Today’s post is written by Drew Carson, our teen contributor.
I ran into a wall today. Two walls, actually, in two different places. One was at school (waving to a passing girl), and one was at home, on the couch, with my computer on my lap. Let me tell you, the second has been a LOT more frustrating.
So I found the root of the problem, and what do you know? It was a mental stumbling block – that annoying, peevish, and persistent inner editor, trying to tell me that my work wasn’t good enough. Well, he was wrong. Do you know why?
Because I was writing a first draft, not a final one.
If you seem to have a similar curse, consider these five tips:
1. Gain a new perspective…
You’re never going to write a perfect novel on your first go. Just get that thought nice and secured inside your head. Don’t let it discourage you, though, because Harry Potter wasn’t written in one try, either. Neither was Ender’s Game or the Lord of the Rings.
Try instead thinking of your first draft like a sculpting block. When a marble-sculptor decides to start a new project, does he quarry the finished product straight from the mountain? Of course not! He imports a huge chunk of stone and chips away at it until it looks pretty. Similarily, your finished product will probably come from a monstrous first draft. So don’t sweat it! Editing comes later.
To some of you, preparation is a scary concept. You are the people who deeply despise outlining. That’s okay – I’m not talking about outlines. The preparation I’m referring to is momentum. Gaining momentum is half the battle in writing a first draft, and you’ll be most productive if you have some.
That’s why I suggest spending five minutes free-writing before laying a finger (or cursor) on that WIP. Write anything – whatever comes off the top of your head. It could be a journal entry. It could be a back-and-forth conversation between two random characters with nothing but dialogue. As a matter of fact, I’m doing it right now. My WIP is open in another window and I’m refusing to touch it until my timer goes off. Once it does, I’ll have set a pace, and will be perfectly content to write whatever comes to mind.
If you’re anything like me, this exercise will help a lot. On Monday I did it, and wrote 1,500 words, while yesterday I forgot and couldn’t push past 500 (ughh…).
3. Cut off in the middle of a sentence…
When I first heard this one, my initial thought was, “Why in the world would I stop writing mid-sentence? I’ll forget what I was trying to say!”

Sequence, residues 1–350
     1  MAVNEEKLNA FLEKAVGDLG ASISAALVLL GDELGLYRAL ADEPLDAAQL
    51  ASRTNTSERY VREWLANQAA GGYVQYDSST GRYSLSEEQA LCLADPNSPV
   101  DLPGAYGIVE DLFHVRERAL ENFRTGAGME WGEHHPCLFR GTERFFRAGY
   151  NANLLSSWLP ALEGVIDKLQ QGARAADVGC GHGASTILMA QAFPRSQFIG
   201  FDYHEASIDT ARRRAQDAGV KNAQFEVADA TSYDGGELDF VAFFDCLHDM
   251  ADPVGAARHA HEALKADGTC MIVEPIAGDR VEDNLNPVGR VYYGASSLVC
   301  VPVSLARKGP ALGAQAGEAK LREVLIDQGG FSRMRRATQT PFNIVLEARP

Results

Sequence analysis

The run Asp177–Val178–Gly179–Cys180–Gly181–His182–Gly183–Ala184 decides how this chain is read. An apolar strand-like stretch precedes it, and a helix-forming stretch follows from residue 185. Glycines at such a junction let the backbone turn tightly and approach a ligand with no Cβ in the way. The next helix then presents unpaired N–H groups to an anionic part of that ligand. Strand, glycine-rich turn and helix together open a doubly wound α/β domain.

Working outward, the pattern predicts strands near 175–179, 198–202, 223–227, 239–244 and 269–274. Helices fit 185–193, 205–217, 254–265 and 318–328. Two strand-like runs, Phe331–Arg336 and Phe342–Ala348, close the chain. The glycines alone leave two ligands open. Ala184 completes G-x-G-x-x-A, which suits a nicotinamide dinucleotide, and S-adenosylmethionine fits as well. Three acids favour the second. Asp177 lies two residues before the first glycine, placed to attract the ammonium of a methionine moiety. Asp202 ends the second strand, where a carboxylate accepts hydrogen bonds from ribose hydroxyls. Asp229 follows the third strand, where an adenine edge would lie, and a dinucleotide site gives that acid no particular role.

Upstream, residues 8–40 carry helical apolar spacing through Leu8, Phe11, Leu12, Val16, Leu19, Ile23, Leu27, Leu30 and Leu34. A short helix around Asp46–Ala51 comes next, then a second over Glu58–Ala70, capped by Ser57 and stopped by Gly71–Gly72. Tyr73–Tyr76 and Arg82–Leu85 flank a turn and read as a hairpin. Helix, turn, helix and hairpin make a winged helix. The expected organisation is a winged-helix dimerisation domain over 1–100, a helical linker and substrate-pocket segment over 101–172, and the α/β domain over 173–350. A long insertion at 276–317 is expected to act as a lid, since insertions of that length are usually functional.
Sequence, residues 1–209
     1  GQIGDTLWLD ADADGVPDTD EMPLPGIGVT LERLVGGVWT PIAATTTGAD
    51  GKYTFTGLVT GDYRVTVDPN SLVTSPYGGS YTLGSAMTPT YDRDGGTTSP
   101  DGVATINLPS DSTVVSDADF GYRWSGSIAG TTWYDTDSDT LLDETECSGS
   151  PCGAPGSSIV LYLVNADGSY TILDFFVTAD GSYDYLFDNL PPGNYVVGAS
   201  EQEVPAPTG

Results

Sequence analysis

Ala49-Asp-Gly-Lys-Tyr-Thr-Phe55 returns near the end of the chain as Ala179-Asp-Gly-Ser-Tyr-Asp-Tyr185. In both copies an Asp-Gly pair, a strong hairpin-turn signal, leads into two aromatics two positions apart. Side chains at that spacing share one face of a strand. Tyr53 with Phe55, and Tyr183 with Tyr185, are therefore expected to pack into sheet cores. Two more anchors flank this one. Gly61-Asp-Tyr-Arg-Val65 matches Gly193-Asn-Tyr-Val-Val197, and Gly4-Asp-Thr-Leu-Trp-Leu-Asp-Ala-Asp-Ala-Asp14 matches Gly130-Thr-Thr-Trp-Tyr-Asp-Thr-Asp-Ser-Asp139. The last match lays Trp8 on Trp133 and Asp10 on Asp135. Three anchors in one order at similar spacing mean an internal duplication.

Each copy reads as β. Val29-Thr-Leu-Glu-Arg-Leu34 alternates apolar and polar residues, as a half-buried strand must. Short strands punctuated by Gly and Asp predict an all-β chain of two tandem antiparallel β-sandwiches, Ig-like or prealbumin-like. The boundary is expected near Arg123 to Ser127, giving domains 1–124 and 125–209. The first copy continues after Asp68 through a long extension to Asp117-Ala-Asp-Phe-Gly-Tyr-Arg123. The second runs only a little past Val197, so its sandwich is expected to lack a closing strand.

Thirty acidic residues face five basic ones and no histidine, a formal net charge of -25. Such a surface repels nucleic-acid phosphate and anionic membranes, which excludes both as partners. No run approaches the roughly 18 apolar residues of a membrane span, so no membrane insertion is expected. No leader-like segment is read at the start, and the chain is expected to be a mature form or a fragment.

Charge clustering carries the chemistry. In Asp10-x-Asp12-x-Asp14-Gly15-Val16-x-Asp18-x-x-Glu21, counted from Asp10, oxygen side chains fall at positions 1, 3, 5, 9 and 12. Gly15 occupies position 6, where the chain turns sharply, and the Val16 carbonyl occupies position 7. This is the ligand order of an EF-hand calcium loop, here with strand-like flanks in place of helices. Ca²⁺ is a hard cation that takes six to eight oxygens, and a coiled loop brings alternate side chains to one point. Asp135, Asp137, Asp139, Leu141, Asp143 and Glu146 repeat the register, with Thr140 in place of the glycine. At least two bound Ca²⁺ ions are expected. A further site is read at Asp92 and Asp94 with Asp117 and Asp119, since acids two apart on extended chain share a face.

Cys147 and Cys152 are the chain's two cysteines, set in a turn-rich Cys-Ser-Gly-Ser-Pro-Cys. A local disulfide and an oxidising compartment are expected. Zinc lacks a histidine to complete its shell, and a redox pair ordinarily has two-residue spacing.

If you stop writing at the end of a chapter, it’s harder to come back later and still produce words. Remember what I said about momentum?
Do yourself a favor, and write the first half-sentence of the next chapter. Maybe even one-and-a-half sentences. You’ll be amazed at how much this helps boost your creativity. Try not to worry about forgetting your train of thought – when you sit back down after a long break (and possibly some sleep), your mind will be fresh and, if anything, the sentence you finish will be better than the one you were previously thinking of.
4. Take a walk!
If you’re really stuck, physical activity can be a hero. It uses a different part of the brain, so you’ll be opening your mind up to more diverse possibilities.
The first thing I would suggest is going outside, where there is plenty of fresh air (although indoor exercise is still better than nothing). I would also suggest bringing a pocket-notebook, so that you can record any bits of inspiration that comes. Doesn’t that tree look weird? What about that rock? It almost looks like a sleeping dog… Maybe it was turned to stone by a wizard down the street.
You see what I mean?
5. Keep a quote in mind…
Writing may be tough, but plenty of people have done it. And plenty of those writers have shared bits of wisdom that may boost your morale. Search “inspirational writing quotes” on Google if you have to.
Here’s a couple I found:
“The secret to getting ahead is getting started.” –Agatha Christie
“When asked, ‘How do you write?’ I invariably answer, ‘one word at a time.’” –Stephen King
Whatever happens, don’t let the inner editor beat you. Imagine his smug little grin when he realizes you’ve given up, and maybe that alone will convince you to keep moving!
Thoughts? Questions? Post your comments below! What helps you?